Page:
7 Years Since Elle’s Diagnosis

elle 2019Today is the 7th anniversary of Elle’s diagnosis and once again a time for us to reflect on the last year and to try to share with you our experience in a few paragraphs. We don’t share a lot and we don’t share very often because we realize that everyone has their own journey and recognize that things could always be worse, but we also know that we need to have a voice and share our journey with others, as this is one of the ways to help raise awareness.  This year, we have also decided that our post will be in Lory’s voice and from her perspective.

Avoidance and Denial…. honestly that’s where I am at when I reflect on where I am on my Rett journey.  If I just take each day as it comes and not think about what’s to come, it makes each day so much easier.  On August 31st, we heard the words that we had hoped to never hear, “Elle needs to have surgery to correct her scoliosis”.  She went from having nearly no curve to 65-degree curve in under two years and despite wearing the back brace for 22 hours a day for the last year, here we are “the point of no return”, as per her doctor.

Of course, as a mother, I reflect on whether we could have done anything more to slow the progression or reverse the curve…as soon as her scoliosis was diagnosed we started with a chiropractor, osteopath, interment massage, daily exercises, but alas, here we are.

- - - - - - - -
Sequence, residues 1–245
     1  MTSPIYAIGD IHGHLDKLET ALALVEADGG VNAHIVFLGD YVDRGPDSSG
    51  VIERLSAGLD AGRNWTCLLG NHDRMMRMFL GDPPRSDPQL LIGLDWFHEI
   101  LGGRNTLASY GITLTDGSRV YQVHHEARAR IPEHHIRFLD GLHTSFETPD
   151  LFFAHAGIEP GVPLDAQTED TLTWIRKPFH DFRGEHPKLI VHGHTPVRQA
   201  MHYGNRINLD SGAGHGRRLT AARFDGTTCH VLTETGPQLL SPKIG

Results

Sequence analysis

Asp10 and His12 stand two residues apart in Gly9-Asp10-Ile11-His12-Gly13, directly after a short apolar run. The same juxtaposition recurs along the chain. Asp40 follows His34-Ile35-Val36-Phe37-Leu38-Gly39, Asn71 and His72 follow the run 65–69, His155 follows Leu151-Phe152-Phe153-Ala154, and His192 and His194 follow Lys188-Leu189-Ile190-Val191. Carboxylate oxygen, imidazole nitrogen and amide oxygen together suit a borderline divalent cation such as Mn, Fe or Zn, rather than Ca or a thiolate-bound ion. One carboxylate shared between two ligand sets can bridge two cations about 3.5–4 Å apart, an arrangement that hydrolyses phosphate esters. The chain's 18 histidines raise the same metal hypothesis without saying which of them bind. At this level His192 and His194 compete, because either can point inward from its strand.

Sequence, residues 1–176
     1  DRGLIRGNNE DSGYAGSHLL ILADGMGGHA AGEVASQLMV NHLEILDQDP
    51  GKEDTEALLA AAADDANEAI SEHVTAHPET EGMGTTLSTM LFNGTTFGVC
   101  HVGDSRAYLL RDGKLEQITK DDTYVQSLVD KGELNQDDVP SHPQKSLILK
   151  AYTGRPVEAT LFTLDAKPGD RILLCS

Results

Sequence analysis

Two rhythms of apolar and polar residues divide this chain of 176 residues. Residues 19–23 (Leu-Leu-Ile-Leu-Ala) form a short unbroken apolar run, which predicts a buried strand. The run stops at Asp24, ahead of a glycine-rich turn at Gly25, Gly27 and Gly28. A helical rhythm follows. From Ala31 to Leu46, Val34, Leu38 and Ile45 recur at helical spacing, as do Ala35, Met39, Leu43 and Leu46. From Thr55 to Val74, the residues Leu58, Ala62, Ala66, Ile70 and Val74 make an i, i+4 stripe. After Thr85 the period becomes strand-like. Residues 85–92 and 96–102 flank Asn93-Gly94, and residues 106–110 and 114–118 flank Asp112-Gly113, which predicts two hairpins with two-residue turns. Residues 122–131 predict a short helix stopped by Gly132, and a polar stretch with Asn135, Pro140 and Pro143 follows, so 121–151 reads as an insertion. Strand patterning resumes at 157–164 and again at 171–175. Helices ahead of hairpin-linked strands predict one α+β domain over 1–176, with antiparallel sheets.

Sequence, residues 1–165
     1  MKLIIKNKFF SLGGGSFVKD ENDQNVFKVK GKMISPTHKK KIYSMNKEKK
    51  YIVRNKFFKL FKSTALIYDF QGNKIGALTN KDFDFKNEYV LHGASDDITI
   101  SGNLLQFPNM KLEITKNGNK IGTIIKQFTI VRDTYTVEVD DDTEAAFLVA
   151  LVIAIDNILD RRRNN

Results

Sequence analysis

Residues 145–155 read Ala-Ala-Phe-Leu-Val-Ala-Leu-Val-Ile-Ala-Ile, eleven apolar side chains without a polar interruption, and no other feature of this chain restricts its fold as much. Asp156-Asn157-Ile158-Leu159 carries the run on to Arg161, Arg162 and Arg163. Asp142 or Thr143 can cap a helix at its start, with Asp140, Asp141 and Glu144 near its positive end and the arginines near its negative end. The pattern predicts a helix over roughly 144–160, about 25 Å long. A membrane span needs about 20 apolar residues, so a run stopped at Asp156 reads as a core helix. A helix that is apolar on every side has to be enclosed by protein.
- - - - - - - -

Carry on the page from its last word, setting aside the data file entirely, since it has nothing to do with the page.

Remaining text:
When I think about the surgery, the feelings are overwhelming and beyond frightening.  It’s a 10-hour surgery and a very long recovery period.  They are putting rods in my angels back.  Will she wake up afterwards?  When Elle had her tonsils out at 4, she had a really hard time waking up and breathing afterwards- this is terrifying!  How will her pain be afterwards?  Elle has a very high pain tolerance and we often struggle to identify if she’s in pain or where the pain is located. Will she get an infection?  Will she continue to be able to walk after the surgery?  As we listened to the doctor explaining all of the side effects and potential complications, my stomach fell and my heart broke….I wish it could be me instead….but I needed to keep it together.  Both Elle and Paige were in the room listening to the doctor, and I didn’t want them to know how scared I was.  “It will all be okay”, I say with a smile.  Surgery would be within the next year, but consent needed to be signed now so that the process as could begin.  Kevin was in so much denial of the need for surgery that he had me sign the consent forms because maybe that might make it go away.  As I signed the consent, my hand shook, and my heart raced – was I really ready to allow this to happen?  But what choice did I have.  She needs this surgery as the curve continues to get worse and soon likely to begin affecting her organs.